Dinner, Not Art is both a website and a free iPad app. It’s delightfully silly, but also encourages creativity and charity. Every noodle that is used in the virtual art will result in 10 noodles being donated to the charity Feeding America by Kraft until the end of this year. This is similar to the concept found at FreeRice.
In the app, the user can choose the shape of the macaroni noodles as well as the color to paint them. You can place them however you like and even change their size. You can also draw things on the rest of the page. Once you are finished, you can “glue” your pieces to the paper, and hang your art on a virtual refrigerator.
Kids young and old would enjoy this app. To deepen the conversation, students could do some research on Feeding America or some math to figure out the amount of macaroni art that needs to be done to create a real meal. Maybe they could research other companies that have offered deals like this and find out “what’s in it for them”.
If you are like my daughter (9) (and , to be honest, me), then you went through a stage of fascination with “roly poly” creatures, also known as “pill bugs”. Isopod, a new, educational iPad game banks on that curiosity and takes advantage of one of the unique aspects of iPads – the accelerometer. Players of Isopod are given instructions to try to roll the isopods into other creatures and avoid ones that will decrease their “health.” While playing, the user can learn about different creatures in that environment. I played it for 5 minutes, and I was hooked. I could see students 8 and up really getting value from this game.
There is a free “lite” version of the game, as well as a full version and a teacher version. The game description on iTunes gives the details about each version. I highly recommend, though, that you also visit the website at http://www.xylemandphloem.net. There, you will learn about the extensive features of this game, which include a downloadable curriculum with loads of activities for students and a Pinterest link to related pictures and videos that support this game.
Although I dislike the idea of having to pay for the teacher version, I am very impressed with the supporting resources that Xylem and Phloem offers for free along with Isopod. Unlike many of the apps labeled “Education” on iTunes, Isopod is one app that truly delivers for that category.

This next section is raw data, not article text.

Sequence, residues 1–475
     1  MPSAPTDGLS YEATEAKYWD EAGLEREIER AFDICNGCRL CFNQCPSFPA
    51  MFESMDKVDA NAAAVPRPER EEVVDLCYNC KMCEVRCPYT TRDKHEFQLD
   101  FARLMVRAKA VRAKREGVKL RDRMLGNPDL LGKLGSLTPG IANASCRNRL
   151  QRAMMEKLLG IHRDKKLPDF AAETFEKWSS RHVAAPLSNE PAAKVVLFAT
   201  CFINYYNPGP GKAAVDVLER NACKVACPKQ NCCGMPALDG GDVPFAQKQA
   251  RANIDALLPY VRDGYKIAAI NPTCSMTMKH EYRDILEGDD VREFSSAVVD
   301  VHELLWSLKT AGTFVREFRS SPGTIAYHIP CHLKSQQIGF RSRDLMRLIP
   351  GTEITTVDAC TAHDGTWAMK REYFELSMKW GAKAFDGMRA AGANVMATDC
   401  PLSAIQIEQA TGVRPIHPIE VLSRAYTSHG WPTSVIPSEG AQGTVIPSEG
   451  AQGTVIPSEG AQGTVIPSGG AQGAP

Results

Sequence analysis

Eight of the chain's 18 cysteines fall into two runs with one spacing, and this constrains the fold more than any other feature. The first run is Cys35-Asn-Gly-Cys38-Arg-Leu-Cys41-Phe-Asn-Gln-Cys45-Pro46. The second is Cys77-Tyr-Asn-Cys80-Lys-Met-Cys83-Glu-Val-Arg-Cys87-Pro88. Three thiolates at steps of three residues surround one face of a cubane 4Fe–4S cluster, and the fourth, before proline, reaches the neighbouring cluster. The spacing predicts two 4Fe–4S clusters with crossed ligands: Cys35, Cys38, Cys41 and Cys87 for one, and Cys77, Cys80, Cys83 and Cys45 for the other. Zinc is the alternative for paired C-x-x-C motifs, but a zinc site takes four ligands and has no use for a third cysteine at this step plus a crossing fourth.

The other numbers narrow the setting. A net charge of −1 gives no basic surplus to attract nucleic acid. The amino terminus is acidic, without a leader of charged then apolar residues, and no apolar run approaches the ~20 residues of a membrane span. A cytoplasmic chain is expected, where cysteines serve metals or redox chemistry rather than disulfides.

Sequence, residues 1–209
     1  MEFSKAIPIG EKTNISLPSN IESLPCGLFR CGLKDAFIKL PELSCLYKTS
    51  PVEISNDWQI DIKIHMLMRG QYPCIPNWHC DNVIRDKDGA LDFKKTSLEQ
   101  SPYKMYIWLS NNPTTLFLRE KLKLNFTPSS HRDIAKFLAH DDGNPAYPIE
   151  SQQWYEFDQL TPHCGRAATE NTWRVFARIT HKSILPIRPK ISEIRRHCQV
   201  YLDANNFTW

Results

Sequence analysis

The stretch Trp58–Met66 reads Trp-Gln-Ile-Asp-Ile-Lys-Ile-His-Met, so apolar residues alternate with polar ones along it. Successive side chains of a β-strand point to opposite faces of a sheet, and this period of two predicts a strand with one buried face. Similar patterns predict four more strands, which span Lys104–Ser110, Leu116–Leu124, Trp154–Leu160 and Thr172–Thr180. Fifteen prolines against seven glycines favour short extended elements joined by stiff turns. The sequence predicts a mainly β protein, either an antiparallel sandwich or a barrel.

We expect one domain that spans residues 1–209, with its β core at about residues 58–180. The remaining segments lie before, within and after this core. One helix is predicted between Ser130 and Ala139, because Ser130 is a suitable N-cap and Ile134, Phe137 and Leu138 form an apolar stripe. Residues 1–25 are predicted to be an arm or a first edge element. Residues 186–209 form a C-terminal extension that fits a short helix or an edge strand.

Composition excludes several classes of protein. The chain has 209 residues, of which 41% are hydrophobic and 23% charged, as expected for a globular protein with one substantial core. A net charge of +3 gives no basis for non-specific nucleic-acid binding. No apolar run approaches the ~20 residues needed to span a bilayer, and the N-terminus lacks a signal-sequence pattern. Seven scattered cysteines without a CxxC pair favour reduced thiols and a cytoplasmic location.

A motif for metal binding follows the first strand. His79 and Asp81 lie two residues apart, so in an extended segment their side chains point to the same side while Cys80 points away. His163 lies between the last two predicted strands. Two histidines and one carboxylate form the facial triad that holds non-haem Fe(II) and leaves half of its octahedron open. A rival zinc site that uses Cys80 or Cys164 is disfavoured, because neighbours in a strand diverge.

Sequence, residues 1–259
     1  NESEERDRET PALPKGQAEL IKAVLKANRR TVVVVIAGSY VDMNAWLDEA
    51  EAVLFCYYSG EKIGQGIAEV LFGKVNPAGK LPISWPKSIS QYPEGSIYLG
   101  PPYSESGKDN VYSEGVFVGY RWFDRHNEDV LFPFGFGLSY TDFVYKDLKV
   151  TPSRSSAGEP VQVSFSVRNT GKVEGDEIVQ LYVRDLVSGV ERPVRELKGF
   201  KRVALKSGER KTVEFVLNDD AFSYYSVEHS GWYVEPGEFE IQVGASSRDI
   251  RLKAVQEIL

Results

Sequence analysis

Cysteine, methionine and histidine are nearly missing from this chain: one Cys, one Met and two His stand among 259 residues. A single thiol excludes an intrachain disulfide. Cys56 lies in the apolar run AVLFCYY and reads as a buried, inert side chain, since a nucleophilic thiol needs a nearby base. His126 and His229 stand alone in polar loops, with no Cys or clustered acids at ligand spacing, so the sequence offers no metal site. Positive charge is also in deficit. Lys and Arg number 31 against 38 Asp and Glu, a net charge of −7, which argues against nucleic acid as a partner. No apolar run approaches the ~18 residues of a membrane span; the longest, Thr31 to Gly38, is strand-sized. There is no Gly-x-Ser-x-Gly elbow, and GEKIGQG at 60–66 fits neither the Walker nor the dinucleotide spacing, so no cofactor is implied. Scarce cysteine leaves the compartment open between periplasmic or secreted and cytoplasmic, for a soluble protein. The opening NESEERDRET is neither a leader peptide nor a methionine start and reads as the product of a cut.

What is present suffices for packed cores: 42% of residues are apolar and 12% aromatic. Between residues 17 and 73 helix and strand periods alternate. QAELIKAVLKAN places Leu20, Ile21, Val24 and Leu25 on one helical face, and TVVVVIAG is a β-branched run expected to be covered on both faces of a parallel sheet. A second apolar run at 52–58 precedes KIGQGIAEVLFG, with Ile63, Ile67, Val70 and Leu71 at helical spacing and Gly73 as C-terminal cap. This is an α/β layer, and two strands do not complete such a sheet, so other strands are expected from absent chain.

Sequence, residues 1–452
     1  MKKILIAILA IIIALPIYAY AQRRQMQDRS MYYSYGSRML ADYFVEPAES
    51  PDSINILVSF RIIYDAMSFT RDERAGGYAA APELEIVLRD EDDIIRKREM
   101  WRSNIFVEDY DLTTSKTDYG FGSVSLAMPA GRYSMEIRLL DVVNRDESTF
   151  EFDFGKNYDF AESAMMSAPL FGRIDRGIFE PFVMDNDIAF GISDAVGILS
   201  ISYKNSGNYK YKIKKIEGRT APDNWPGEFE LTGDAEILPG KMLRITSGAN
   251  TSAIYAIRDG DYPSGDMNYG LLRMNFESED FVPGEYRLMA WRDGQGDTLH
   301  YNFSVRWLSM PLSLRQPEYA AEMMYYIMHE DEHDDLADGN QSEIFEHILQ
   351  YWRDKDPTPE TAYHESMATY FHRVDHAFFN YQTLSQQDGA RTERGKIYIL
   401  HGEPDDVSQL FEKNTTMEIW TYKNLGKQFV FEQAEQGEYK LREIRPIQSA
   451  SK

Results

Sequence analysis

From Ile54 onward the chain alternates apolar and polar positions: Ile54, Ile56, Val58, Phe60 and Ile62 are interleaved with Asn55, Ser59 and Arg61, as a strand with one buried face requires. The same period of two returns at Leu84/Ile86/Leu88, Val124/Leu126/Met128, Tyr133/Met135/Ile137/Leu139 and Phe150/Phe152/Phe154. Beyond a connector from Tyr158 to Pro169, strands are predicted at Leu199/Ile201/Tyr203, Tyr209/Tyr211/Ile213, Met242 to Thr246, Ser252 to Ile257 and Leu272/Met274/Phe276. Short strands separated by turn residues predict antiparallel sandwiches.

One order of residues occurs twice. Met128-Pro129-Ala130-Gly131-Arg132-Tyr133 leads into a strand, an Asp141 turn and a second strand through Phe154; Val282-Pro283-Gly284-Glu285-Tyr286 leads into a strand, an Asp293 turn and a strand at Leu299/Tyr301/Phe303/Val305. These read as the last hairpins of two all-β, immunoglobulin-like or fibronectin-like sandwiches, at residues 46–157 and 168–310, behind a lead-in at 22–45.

Shape Collage is a free app for iDevices that allows the user to use photos on the device to create collages in different shapes, such as stars, paw prints, puzzle pieces, etc… You can even type in your own text, and the photos will conform to the words. Once you have created the collage, you can save it to your Photo Album, or share it via Facebook, Twitter, or e-mail. If you do not have an iDevice, there is a similar program online called Loupe. The biggest difference between the app and the website is that, on Loupe, you are loading your pictures from an online sharing site, and do not have the option to load them directly from your computer.
Shape Collage is a great app for Creating, the highest level of Bloom’s New Taxonomy. Students can create collages that conform to shapes related to what they are studying, or the shape of a text that gives a meaningful message. The collages can be another way for students to express themselves poetically with pictures.
“Our Wish for the World” is a creative art idea using the iPad app WordFoto. Tricia Fuglestad posted about this lesson for third graders on the Pop Art of Robert Indiana. Her post includes more pictures and links to an Artsonia gallery of images and a handout. WordFoto is one of my favorite apps for creating, along with TypeDrawing. Ms. Fuglestad’s lesson could easily be differentiated for different levels; for example using the same idea along with Six-Word Memoirs for older or more advanced students, or having younger students use Word Wall words.
Stick Pick is an iPhone/iPad app with great potential as a teacher tool. The teacher can add one or more classes within the app. To each class, the teacher adds individual student names, determining the type and level of questioning to use for each student from the following categories: Bloom’s Taxonomy, Bloom’s Revised Taxonomy, or ESL. Once all students are entered, their sticks appear in a cup from which the teacher can randomly or purposefully choose names. As each student is chosen, a list of question stems from their particular assigned level appears on the screen. This is a wonderful way for teachers to customize impromptu questions based on ability.